TONY LEEN: Are Mayo closer to the prize — or farther away?

Answer this and you’re halfway to figuring out the All-Ireland football final replay.

What’s the greater challenge facing Mayo on Saturday evening October 1? A greatly improved Dublin or the inevitable and seductive narrative that the All-Ireland champions could not be as bad again, ergo Mayo have blown their chance?

“Keep writing us off,” implored Andy Moran after the first drawn football final in 16 years.

Doing so is more difficult than it seems. Mayo somehow trailed by three points with two minutes of the 70 remaining, but thoroughly deserved the second bite given them by Cillian O’Connor with 76.54 on the stadium clock.

O’Connor’s contribution from open play wasn’t significant but no-one should doubt his bottle.

Stephen Rochford’s side restricted the sharpest scoresmiths in the business to six points from play, and offered Dublin two flukey own goals to boost their case. One western wag said afterwards that Mayo couldn’t win even when they outscored Dublin 2-15 to 0-9.

The available evidence indicates everything is still there for Mayo and that their coach Donie Buckley, who works players better than anyone on how to defend and regain possession, has reached the summit of his powers.

Rochford’s management team has work to do though, not least creating a legitimate half-forward outlet to link their half-backs to their inside forward line. Aidan O’Shea is not that man, neither is Diarmuid O’Connor or the sweeping Kevin McLoughlin, though the Knockmore man excelled in his adapted role yesterday. The Mayo manager walked into the dressing room afterwards asking the group to raise their hands if they produced their best yesterday.

There was no takers.

In comparison to the Dublin we saw spluttering and sliding yesterday, Mayo’s malfunctions looked less daunting. But what’s the real prospect of Paul Flynn, Kevin McManamon, Bernard Brogan, Diarmuid Connolly and Dean Rock being so constipated in a fortnight? The weather clearly hampered fluency, but Mayo’s ability to make do in the same conditions renders that moot.

As an aside, though, is the Croke Park surface — which turns into a veritable ice rink in the rain — something the stadium management need to get into? And sharpish.

Jim Gavin was honest and gracious enough afterwards to accept his side used their ration of good fortune. “We just didn’t deserve to win, the luck was certainly with us today but we will take an awful lot from that game.”

Indeed they will. It’s astonishing to reflect that it took Dublin 29 minutes to register a score from their own player, and it was the 33rd minute before Paddy Andrews registered their first score from play.

All the more bizarre then that the latter score put Dublin 2-2 to 0-4 ahead, and they had extended that lead to five by the break.

“Getting (six points) from play isn’t good enough and some of our shot selection could have been better. So to be still there... we got the luck. I know it was a wet day but I wouldn’t be leaning too heavily on that (as an excuse),” Gavin said.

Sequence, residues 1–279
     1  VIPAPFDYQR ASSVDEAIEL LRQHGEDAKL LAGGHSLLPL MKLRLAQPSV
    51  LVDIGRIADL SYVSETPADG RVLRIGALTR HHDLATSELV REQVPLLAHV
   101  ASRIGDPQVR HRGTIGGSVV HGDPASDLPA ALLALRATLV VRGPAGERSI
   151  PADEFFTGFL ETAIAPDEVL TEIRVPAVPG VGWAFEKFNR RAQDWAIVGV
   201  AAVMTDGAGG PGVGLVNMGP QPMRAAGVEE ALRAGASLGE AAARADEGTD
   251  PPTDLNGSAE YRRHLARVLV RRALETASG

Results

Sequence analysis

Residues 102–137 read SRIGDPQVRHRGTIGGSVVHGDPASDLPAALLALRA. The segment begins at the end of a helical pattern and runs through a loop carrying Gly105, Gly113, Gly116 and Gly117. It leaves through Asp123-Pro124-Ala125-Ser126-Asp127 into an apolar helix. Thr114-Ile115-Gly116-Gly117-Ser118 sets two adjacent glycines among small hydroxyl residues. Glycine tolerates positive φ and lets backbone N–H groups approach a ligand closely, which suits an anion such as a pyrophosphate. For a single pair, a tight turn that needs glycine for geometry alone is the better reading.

Not that Rochford’s post- mortem will be a thing of gaiety. Twice David Clarke had to rescue his team in one on one situations involving Dublin’s Brian Fenton, whose mobility was causing Tom Parsons serious bother. Then again, who doesn’t it cause problems for? By contrast Mayo never got inside the Dublin full back line, one of the champions’ few exceptional lines yesterday. Add to that freshman defender John Small, who dulled the impact of Diarmuid O’Connor and added a 65th minute point that appeared to signal Dublin’s stride towards the tape. A Rock free and a sublime Connolly effort off his left side franked that conventional wisdom, but from there to the final call of Conor Lane’s whistle is all about Mayo — and is everything they need to focus on this week.

Rochford appeared perplexed at the very notion that Mayo’s character was up for debate, like they’d never come out the shitty side of a big game at the business end of the season.

“We don’t feel sorry for ourselves. If (your) question is about the character in the group, that is there whether we won or lost. I expect the boys to get their head down now, there is a lot of desire in the group.”

Added Andy Moran: “I find it interesting that ye all had us written off before and are now asking if we are frustrated we didn’t win. Have we missed the boat? Absolutely not.”

There was 70.29 elapsed when Donal Vaughan took the responsibility to point, his second, to make it a one point finale (2-9 to 0-14). Aidan O’Shea blew one high and towards Howth before Cillian O’Connor claimed the replay with time all but up.

“I knew the lads would come back,” Rochford proclaimed. “If you see them working in Castlebar, you never think they’ll raise the white flag, even if they go three or four points down.”

The challenge remains formidable. If one of Dublin’s most celebrated traits is the ability to find a way, Mayo must find a way too. The prize is closer. Or is it farther away?

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